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Tuesday, November 30, 2021

Mumbai no bar, Morality bar bar

R R. Patil, Maharashtra’s Deputy Chief Minister and Home Minister, came to his office unheralded and unsung. When he leaves, whoever wi...

Written by Anil Dharker |
April 25, 2005

R R. Patil, Maharashtra’s Deputy Chief Minister and Home Minister, came to his office unheralded and unsung. When he leaves, whoever will sing his praises, you can be sure it won’t be the state’s bar girls.

The minister’s crusade against bar dancers has puzzled most people, particularly those who have been to one of Mumbai’s many bars. I did, about a year ago, for a story on them. I went in, expecting sleaze, but found instead a bewildering innocence about them. Men, most of them young, sat in chairs lined up against the walls of a longish room, in the centre of which women, all of them young, stood in a line and danced.

The dancing was of a minimalist kind. There was none of the pelvic thrusting and bosom heaving you see in a standard Bollywood dance, nor was there the belly-dancer’s undulations or the stripper’s suggestive gyrations. This was movement designed for the conservation of energy: the girls, fully clothed, made some cursory movements, often coming to a complete standstill as they chatted, either amongst themselves, or with the young men. The only time a dancer’s movements became animated was when one of the men showered a couple of currency notes on her. The flurry, if you could call it that, lasted only a brief moment.

Many of the men seemed to know the women; the regulars had their particular favourites, who stood and danced near them. There was repartee, some mild flirting, but no physical contact. Most of us who live in a society where the easy mixing of genders is taken for granted, forget that we are the exceptions, not the rule. In a conventional middle-class environment, boys go out with boys and girls with girls. Mingling of the sexes either happens in groups or in an individual committed relationship. In such a situation, to be able to spend an evening with a pretty girl for the price of a couple of beers and a few ten rupee notes must seem like an answer to several prayers. And if you want an additional likely reason, how about this: which lowly office-going man, made timid by the weight of hierarchy, would be able to resist the feeling of power that must come from making a woman literally dance to his bidding?

It would be naive to think that that is where it begins and that is where it ends. It is likely, and human, that some of these liaisons may end up in bed. But the very point of the dance bar is that this is neither obvious nor is it the norm. The flesh trade has its own address and its own environment and neither can stand the scrutiny of the dance bar’s bright lights.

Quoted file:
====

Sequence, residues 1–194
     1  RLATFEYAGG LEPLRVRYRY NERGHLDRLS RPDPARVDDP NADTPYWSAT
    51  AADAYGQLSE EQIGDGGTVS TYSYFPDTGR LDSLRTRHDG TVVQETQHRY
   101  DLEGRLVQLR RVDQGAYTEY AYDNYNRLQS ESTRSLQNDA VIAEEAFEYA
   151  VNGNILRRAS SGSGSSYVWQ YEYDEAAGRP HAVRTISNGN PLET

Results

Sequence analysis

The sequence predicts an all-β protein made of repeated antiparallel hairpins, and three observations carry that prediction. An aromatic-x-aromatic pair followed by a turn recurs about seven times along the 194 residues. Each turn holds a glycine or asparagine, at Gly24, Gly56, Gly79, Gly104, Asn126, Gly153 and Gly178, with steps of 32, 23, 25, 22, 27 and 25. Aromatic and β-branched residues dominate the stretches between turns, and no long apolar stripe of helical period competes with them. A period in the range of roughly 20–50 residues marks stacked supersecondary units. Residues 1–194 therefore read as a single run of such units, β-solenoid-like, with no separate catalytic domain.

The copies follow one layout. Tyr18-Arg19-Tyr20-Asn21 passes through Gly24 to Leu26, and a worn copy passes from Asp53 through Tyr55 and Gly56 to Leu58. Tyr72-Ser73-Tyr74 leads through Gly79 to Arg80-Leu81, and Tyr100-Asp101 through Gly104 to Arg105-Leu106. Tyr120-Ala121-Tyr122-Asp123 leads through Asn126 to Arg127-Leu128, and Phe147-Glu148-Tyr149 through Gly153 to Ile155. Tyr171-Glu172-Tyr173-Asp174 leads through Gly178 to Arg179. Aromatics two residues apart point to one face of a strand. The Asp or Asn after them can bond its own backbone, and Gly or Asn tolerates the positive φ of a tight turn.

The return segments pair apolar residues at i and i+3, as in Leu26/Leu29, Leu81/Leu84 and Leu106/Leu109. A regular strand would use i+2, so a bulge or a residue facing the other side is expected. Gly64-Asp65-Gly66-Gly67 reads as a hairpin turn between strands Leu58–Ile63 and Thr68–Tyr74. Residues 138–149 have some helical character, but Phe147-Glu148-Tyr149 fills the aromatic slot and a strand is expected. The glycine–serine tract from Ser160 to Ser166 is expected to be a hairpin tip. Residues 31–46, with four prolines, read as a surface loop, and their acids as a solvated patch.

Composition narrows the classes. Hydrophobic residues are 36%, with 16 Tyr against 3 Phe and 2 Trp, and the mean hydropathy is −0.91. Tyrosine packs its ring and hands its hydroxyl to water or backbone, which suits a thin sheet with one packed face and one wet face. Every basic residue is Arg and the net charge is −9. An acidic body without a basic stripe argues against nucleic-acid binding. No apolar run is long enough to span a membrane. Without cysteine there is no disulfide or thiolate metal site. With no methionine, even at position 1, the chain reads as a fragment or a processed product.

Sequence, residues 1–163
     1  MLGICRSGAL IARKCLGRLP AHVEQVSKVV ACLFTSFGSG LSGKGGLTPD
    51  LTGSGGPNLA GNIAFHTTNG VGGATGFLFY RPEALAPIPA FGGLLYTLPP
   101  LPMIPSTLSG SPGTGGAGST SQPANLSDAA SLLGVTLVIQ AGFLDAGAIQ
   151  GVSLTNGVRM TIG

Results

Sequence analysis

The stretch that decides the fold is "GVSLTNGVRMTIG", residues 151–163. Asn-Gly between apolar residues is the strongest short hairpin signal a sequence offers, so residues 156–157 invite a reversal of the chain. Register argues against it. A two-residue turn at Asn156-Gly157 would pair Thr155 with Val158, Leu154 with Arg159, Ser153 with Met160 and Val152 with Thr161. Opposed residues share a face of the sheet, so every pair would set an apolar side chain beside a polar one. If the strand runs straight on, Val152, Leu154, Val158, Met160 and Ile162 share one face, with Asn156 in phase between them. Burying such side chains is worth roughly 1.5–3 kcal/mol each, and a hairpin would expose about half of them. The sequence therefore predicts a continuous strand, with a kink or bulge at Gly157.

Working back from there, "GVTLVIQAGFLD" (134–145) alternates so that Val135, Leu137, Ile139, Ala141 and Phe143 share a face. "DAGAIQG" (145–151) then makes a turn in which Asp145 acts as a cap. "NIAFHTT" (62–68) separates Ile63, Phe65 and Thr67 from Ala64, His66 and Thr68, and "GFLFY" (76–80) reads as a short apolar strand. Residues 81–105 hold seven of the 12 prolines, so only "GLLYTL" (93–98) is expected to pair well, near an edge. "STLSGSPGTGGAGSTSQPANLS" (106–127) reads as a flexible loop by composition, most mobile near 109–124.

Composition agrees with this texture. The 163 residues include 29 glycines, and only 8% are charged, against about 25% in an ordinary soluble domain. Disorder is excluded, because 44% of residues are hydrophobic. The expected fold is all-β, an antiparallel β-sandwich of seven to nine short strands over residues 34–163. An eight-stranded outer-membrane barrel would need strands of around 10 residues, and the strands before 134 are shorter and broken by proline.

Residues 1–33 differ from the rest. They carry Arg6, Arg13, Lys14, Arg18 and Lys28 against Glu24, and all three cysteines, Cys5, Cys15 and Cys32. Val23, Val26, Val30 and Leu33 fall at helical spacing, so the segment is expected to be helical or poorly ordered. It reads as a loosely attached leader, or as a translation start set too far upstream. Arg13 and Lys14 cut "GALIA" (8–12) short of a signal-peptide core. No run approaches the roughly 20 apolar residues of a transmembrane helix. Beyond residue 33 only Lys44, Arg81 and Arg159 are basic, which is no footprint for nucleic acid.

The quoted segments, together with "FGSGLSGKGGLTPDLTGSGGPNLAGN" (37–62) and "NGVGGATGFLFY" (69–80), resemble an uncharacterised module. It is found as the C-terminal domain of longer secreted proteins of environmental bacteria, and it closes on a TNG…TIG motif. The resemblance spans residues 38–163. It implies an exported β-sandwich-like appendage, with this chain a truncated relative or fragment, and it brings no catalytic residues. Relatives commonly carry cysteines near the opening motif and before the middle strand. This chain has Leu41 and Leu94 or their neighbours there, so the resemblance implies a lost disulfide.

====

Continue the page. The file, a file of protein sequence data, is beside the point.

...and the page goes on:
In his campaign to close down all the dance bars in Maharashtra, has Patil, then, completely missed the point? His reputation as a politician has been of a man whose honesty is unquestioned. Is this, then, an inevitable corollary, that the man of scruples has a highly developed sense of moral outrage which then leads to prudishness? That could also explain the police crackdown on ‘‘obscene’’ posters and hoardings, arbitrary decisions, none of which would stand up in courts which define obscenity in far more liberal terms.

Is the small-town mentality of many of our politicians responsible for this squeamishness? Yes, possibly. But only if the dance bar campaign is taken in isolation. As it happens, the brouhaha around it, has drowned out a great many other things, which if taken together point to a calculated whole.

R. R. Patil, for example, didn’t just talk of bar girls from a moral stand point. He also said that many of their phone calls had been traced to Bangladesh, thus implying that many of them had come from that country and that concern for their well-being was, thus misplaced. This, in turn, was an echo of what Maharashtra’s Chef Minister has been saying of late: the state, particularly its premier city, cannot cope with the influx of outsiders, that their unchecked migration puts to severe strain an already inadequate infrastructure. This wouldn’t be such an outrageous thing to say because it is the truth, but the tone in which it has been said has been so xenophobic that Vilasrao Deshmukh has had to issue several clarifications: No, the CM didn’t mean South Indians; he, in fact, was referring to Bangladeshis etc, etc.

Look at the whole and do a double-take. This is Shiv Sena territory: The cleansing of a city of its moral turpitude and its outsiders, and restoring it to a pristine state where, cured of the vices of a big city and the influence of ‘evil foreigners’, the middle-class can settle into a quiet gentility. It’s the dream the Shiv Sena has been selling since its inception, and which the Congress-NCP combine now seems to be usurping for itself.

There can only be one explanation for this volte-face: Maharashtra and particularly Mumbai’s problems are beyond solving, good governance, given the contradictory pulls and pressures of the electorate, is an impossibility, so what is needed are cheap tricks to distract the citizen. The cheapest trick is to get bar girls to pack up their suitcases and leave.

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